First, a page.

A Sycamore man facing a minimum of 12 years in prison after police accused him of smuggling more than 300 pounds of marijuana through a McHenry County airport in 2014 rejected a plea deal Friday.
Prosecutors previously offered a negotiated plea that would send Andrjez Hryniewicki to prison for 11 years – one year fewer than the minimum number he faces if convicted at trial of marijuana trafficking.
McHenry County Assistant State’s Attorney Mary Scholl said the offer was no longer on the table during Hryniewicki’s court appearance Friday.
A jury trial on the matter has been scheduled for Oct. 15. It was not clear whether Hryniewicki will testify.
Hryniewicki was charged in November 2014 with multiple drug felonies, including marijuana trafficking, after police said he transported about
$1.12 million worth of marijuana in a private airplane that came from California and landed at Galt Airport in Wonder Lake.
Officers claimed to have spoken with a witness who revealed plans to meet Hryniewicki at a Walmart in Belvidere and drive with him to Galt Airport to pick up the marijuana, according to a Dec. 8 court filing.
On Nov. 19, 2014, police hid inside the hangar filled with about 320 pounds of marijuana and arrested the two men, court records show.
“Mr. Hryniewicki has maintained his innocence since his arrest and will exercise his right to trial,” defense attorney Matthew Amarin said Friday.
Hryniewicki is charged with possession with intent to deliver more than
11 pounds of marijuana, marijuana trafficking and possession of more than
11 pounds of marijuana.
Reached by phone Friday, Amarin said Hryniewicki is unwilling to do any jail time to bring the case to a close.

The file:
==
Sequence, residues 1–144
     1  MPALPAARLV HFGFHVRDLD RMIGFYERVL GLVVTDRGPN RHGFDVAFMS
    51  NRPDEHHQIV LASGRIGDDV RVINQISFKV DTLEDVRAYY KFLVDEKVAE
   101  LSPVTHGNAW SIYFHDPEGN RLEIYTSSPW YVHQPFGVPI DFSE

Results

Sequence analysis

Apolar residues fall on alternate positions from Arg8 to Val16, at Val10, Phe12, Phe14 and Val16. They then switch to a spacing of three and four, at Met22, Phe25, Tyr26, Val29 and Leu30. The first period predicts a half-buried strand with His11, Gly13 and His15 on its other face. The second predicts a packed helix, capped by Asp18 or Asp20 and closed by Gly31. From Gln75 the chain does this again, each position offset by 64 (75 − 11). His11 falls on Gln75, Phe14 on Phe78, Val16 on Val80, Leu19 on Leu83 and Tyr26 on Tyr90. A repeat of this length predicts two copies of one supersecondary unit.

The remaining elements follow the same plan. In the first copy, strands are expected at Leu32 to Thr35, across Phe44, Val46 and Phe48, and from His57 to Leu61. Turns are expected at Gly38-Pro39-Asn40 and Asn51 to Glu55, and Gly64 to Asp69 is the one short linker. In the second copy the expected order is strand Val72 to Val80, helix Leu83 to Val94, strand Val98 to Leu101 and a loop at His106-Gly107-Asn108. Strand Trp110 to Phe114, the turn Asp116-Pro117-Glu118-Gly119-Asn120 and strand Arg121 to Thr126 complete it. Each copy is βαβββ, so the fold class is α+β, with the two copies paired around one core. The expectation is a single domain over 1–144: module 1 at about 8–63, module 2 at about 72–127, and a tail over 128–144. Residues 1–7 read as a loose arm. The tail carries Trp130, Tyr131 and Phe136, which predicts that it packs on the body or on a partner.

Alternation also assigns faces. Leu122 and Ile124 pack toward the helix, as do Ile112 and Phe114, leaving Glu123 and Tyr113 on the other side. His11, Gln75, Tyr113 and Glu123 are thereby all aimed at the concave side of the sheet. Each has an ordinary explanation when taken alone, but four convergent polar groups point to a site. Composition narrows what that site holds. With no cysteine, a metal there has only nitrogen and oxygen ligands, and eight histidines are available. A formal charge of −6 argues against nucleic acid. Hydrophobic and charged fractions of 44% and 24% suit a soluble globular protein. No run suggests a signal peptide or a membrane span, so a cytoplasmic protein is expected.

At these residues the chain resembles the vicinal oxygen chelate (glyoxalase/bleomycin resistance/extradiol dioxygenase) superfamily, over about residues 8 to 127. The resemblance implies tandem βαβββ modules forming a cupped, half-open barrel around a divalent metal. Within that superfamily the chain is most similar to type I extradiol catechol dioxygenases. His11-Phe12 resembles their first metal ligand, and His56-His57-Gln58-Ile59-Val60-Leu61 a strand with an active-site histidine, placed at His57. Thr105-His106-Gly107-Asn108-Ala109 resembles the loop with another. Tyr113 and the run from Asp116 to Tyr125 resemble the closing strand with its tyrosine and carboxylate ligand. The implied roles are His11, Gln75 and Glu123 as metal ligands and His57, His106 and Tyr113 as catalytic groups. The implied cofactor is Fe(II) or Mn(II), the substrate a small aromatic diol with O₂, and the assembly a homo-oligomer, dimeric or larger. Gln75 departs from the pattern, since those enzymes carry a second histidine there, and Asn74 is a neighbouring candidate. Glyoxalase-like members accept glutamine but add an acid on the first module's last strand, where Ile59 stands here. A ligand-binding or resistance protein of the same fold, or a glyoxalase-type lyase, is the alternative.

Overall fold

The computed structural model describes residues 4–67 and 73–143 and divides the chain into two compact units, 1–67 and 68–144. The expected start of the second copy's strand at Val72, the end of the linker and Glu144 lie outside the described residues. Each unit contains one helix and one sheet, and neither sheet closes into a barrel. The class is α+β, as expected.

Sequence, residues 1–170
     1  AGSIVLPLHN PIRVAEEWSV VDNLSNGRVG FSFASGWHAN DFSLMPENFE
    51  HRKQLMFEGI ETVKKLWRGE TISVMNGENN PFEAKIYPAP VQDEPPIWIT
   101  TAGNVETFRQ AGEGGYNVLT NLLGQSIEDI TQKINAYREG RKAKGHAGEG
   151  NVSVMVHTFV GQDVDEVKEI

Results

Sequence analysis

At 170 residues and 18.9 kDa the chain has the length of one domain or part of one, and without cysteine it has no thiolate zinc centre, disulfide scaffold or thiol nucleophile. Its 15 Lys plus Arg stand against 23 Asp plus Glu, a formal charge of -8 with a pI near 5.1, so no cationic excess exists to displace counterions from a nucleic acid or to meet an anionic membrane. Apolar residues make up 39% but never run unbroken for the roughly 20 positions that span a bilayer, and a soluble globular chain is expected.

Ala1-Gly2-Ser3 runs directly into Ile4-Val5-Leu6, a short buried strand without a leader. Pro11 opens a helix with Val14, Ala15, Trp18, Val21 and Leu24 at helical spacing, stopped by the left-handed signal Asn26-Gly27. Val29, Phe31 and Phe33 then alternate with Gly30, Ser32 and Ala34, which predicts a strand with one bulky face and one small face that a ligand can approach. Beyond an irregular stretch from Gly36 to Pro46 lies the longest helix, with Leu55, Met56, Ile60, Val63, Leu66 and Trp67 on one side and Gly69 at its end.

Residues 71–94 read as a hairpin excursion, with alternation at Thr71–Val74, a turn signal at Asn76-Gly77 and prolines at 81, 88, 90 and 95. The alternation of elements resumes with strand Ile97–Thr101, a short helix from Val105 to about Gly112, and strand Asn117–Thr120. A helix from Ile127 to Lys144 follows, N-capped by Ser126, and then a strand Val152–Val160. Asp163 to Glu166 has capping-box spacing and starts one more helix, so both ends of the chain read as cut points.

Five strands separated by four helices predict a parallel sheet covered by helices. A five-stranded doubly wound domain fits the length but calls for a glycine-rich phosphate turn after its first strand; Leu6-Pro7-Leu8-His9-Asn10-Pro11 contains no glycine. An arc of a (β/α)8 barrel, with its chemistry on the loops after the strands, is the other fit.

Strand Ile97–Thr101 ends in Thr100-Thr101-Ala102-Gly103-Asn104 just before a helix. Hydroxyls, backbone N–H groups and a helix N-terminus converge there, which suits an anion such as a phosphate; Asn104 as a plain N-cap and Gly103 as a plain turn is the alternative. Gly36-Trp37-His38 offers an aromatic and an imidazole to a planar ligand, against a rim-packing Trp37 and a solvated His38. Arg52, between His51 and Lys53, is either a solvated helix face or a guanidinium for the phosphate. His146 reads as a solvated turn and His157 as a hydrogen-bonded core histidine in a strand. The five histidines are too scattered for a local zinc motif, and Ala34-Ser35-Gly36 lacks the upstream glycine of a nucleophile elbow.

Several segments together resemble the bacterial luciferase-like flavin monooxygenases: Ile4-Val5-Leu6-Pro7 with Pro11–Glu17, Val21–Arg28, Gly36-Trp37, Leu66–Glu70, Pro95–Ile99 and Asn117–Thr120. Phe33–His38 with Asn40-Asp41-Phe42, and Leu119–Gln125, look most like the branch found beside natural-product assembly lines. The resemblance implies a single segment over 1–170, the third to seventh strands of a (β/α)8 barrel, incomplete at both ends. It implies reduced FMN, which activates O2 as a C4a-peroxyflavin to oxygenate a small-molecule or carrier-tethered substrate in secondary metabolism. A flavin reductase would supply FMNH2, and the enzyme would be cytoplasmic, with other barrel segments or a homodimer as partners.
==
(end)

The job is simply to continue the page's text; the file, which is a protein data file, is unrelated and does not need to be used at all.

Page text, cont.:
The attorney previously tried to suppress certain statements prosecutors said Hryniewicki made to police. According to court filings, Hryniewicki claimed that during the arrest he was hit in the head and knocked unconscious.
Some of Hryniewicki’s injuries were documented by medical professionals.
A jail nurse noted a blood-stained bandage on his head and a swollen and bruised ear.
A Nov. 24, 2014, X-ray of his shoulder showed a torn joint that required surgery, according to medical records made public by Hryniewicki’s attorney.
Prosecutors said Hryniewicki suffered only minor injuries that were caused by his refusal to cooperate with arresting officers.
At a hearing in January, agents testified that they allowed a handcuffed Hryniewicki to smoke a cigarette, treated him for minor injuries and had a “cordial conversation” with him, court records show.
Shortly after, Hryniewicki confessed to bringing drugs over the Illinois border, saying he’d been hired as a smuggler by someone he knew only as “Steve,” according to a Dec. 8 filing.
Earlier this year, McHenry County Judge James Cowlin refused to suppress the statements, claiming Hryniewicki spoke as though he were making up his answers.
The judge described Hryniewicki in a written decision as a “savvy and clever individual” who was “looking for a way out of his predicament.”
In November 2015, McHenry County Judge Michael Feetterer ruled that the search warrant for the airport hangar where the drugs were found did not establish probable cause, and any evidence collected could not be used against Hryniewicki.
The state’s attempts to reverse Feetterer’s rulings were unsuccessful. Hryniewicki is expected to appear
Sept. 21 for one more court date before the trial.